Wouldn't you just love to roll out of bed, grab a cup of Joe
and head to the office in your pajamas? According to a variety
of sources, there are anywhere from 2 million to as many as 40
million workers who telecommute for at least part of their work
How do you
know if your job is ripe for telecommuting? A lot depends on the
attitude, objectives and atmosphere of your employer. Then
there are considerations about the nature of the work you
A report from the U.S. Department of Transportation identified
a number of factors affecting the success of telecommuting,
The job must be suited, at least in part, to performance at
a remote location.
The capabilities and personal characteristics of the
employee must be appropriate to working with little or no
The employing firm must accept telecommuting as a
legitimate and desirable activity, provide necessary
support and have appropriate information technology in
The supervisor or manager of the employee must accept the
concept and practice of telecommuting.
The employee must feel comfortable with telecommuting in
terms of its suitability to his or her personal work habits
and style, its effect on social interactions and on
advancement and career.
Many of the jobs that are ideally suited for telecommuting
are professions with "information" or "knowledge" worker
positions. These jobs range from accountants and analysts to software engineers and writers.
"Employers and employees must think about what the
business reasons are for wanting a telecommuting program.
This could include greater flexibility for both the
employer and the employees, productivity benefits or the
ability to attract or retain workers," says Jean T.
Stimolo, executive director of Telecommute Connecticut!, a
service of the Connecticut Department of Transportation.
Telecommute Connecticut! works with Connecticut employers
to design and implement effective telecommuting programs.
"Many companies are surprised by the increase in
productivity a successful telecommuting program can bring,"
Stimolo says there are roughly 158,000 people in her state
who now work from home, according to a survey completed in
late 2006. This represents an 86 percent increase in the
number of telecommuters over the past five years. Everyone
defines telecommuting a little differently. Connecticut's
definition of a telecommuter includes someone who works at
home for one or more days per month during normal working
hours, however the majority of employees work from home two
to three days a week.
At Smith Brothers Insurance in Glastonbury, Conn., for
example, 50 of its 57 employees telecommute either
full-time or as needed. Their program started four years
ago when the company wanted to retain a valuable employee
who was moving to Texas. "It's a great recruiting tool,"
says Kim Connolly, Vice President and part-owner of Smith
Brothers Insurance. "It is good for our employees,
particularly our sales force. They don't have to come
into the office after sales calls to check e-mails; they
can check messages and do their paperwork from home. When
someone has a cold, they can work from home and not risk
spreading germs to their co-workers."
"Even I look forward to the days I work from home," she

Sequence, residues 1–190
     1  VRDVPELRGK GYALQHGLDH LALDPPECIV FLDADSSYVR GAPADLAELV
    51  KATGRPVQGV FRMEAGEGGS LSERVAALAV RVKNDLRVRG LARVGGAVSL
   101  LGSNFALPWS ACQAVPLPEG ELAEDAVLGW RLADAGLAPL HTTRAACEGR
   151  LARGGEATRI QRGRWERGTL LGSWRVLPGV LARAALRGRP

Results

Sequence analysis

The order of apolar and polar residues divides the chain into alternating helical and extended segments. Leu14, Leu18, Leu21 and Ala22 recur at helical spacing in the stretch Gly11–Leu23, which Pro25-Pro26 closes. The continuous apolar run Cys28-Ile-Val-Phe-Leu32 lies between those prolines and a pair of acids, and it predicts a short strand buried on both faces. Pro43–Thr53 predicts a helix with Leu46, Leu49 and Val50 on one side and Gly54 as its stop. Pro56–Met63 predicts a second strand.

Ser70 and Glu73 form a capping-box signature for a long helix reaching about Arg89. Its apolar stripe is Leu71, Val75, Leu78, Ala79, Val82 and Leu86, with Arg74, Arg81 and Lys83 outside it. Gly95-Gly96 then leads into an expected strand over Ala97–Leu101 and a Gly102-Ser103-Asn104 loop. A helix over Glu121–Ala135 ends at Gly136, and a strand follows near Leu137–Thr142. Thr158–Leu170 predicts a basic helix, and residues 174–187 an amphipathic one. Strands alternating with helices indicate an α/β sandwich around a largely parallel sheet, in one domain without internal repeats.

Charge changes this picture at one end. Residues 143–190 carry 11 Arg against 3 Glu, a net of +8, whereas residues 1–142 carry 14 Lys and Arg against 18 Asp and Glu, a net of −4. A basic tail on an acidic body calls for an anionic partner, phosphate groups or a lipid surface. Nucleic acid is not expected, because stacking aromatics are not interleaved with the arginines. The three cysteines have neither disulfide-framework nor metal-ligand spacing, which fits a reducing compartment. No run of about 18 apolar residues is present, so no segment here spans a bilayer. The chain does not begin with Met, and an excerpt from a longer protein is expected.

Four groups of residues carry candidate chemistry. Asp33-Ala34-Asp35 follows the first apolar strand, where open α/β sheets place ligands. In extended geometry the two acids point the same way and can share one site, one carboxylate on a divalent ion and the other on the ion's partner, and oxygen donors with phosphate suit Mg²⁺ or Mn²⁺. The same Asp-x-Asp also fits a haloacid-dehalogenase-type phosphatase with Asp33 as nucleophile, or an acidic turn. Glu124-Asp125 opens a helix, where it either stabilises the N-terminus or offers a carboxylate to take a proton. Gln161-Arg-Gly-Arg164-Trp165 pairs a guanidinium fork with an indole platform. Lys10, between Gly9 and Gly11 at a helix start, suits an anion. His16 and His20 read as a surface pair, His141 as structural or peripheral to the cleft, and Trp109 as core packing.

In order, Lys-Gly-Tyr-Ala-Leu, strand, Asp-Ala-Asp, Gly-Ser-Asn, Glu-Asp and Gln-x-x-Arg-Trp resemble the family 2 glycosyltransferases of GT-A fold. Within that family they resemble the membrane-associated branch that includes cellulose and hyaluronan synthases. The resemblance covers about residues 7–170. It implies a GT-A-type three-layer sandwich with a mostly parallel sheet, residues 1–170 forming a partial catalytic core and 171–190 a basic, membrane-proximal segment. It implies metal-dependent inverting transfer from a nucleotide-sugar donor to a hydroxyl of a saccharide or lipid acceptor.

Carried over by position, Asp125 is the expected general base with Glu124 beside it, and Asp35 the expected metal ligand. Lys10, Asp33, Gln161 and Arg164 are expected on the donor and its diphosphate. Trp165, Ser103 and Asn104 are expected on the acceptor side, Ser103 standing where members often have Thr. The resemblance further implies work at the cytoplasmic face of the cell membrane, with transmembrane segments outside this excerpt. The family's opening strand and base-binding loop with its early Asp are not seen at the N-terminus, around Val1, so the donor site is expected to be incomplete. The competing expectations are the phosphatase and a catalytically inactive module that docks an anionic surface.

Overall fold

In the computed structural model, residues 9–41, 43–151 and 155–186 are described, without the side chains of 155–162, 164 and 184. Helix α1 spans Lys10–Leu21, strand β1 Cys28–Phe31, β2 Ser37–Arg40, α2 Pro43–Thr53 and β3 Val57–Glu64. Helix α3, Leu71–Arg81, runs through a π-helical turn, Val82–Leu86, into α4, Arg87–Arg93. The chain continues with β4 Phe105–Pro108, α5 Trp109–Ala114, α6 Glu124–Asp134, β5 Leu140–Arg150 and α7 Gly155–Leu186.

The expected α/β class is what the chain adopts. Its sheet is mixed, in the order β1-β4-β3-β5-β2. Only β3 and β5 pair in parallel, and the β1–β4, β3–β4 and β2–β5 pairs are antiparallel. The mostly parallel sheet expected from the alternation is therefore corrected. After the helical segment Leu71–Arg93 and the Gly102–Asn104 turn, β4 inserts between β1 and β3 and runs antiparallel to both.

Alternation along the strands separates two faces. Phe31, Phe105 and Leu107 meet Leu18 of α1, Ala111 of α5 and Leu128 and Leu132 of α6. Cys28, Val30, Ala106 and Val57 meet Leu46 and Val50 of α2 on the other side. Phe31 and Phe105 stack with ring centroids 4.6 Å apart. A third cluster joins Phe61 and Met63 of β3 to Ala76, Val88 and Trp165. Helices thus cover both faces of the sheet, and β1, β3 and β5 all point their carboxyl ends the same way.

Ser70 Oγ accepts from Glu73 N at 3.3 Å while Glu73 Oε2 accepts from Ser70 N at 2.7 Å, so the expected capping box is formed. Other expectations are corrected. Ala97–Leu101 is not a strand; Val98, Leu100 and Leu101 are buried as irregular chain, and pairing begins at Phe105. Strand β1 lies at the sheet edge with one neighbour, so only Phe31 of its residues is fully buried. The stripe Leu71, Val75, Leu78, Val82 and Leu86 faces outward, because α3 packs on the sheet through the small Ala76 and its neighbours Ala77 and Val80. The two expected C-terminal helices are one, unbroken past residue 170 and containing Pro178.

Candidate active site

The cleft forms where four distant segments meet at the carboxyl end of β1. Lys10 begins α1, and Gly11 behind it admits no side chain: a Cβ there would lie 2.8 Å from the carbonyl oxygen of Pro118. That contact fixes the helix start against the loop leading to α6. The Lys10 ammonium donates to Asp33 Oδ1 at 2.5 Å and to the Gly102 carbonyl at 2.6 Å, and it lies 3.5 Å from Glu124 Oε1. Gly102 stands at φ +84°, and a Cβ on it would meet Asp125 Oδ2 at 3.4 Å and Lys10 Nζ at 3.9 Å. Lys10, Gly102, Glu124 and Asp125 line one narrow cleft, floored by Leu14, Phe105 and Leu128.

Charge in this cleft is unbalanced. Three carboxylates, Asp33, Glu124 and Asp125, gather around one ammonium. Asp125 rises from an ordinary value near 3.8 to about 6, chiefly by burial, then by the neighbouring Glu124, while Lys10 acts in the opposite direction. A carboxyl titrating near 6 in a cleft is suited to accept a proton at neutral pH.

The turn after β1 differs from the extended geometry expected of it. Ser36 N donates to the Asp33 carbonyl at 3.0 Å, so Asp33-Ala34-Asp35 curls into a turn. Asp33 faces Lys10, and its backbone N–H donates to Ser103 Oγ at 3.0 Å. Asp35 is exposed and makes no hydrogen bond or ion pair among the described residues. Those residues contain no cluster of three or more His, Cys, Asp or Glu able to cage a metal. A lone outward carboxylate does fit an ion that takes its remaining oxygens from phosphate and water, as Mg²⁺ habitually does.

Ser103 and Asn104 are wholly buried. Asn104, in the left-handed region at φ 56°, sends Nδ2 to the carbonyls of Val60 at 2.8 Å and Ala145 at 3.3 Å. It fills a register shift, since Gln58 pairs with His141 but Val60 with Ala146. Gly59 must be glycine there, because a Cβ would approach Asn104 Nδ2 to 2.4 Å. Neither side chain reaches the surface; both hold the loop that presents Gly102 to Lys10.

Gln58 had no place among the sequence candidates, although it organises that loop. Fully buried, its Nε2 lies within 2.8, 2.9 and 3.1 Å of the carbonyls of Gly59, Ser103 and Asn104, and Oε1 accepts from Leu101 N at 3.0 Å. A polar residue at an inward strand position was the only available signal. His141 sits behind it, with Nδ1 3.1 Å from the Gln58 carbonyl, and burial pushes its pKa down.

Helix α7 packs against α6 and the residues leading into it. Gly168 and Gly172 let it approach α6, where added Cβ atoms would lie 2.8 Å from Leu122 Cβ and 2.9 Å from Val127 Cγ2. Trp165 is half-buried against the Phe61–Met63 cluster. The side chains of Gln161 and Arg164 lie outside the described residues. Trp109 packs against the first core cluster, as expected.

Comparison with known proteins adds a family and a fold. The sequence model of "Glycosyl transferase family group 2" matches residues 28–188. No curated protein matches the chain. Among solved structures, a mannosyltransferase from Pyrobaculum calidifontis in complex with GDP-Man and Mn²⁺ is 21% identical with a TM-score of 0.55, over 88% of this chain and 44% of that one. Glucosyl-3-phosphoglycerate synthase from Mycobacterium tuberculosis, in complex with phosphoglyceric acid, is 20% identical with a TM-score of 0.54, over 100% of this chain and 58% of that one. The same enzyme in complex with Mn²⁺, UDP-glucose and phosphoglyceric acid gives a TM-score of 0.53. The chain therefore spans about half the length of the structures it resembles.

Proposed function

Stimolo maintains that one of the first things employees
must consider if they would like to telecommute is "how
much of their work is portable and what are the tasks that
can be done as well or better remotely."
If a job requires ongoing access to equipment, materials
and files that are situated only at the workplace, it could
be problematic if you want to work from home. "Employees
and their supervisors should also address connectivity,
security and voice-data needs," she adds.
Don't expect your employer to foot the bill for all the
equipment in your home-based office. Stimolo says that most
employees who work from home one or more days a week use
their own personal equipment. "We're not seeing any trends
to indicate that employers are purchasing equipment for
telecommuters. However we do work with employers to help
make sure they have the right interface and security for
the company." Connelly says Smith Brothers Insurance will
buy one workstation for each employee, either at the office
or at home.
Another key factor, according to Telecommute Connecticut!
is an employee's job performance record. Candidates for
telecommuting should have a good work history and
demonstrated reliable and responsible job performance.
Employees should also know their job well enough to keep
working without checking in with their supervisor at every
stage of a project.
Even if the conditions are right, working from home isn't
for everyone. "Many people don't realize the personal side
of working from home," Stimolo notes. Her organization
works closely with company HR staff to train employees and
supervisors to prepare them for successful telecommuting
arrangements. She says those who are most successful
working from home are self starters, people who are used to
working independently, but they also need to be good
Bottom line, says Stimolo: "The payoffs are great for both
the employee and the employer when there are clear work
goals, proper training and a well-thought out plan for
Copyright 2008 CareerBuilder.com. All rights reserved. The information contained in this article may not be published, broadcast or otherwise distributed without prior written authority.
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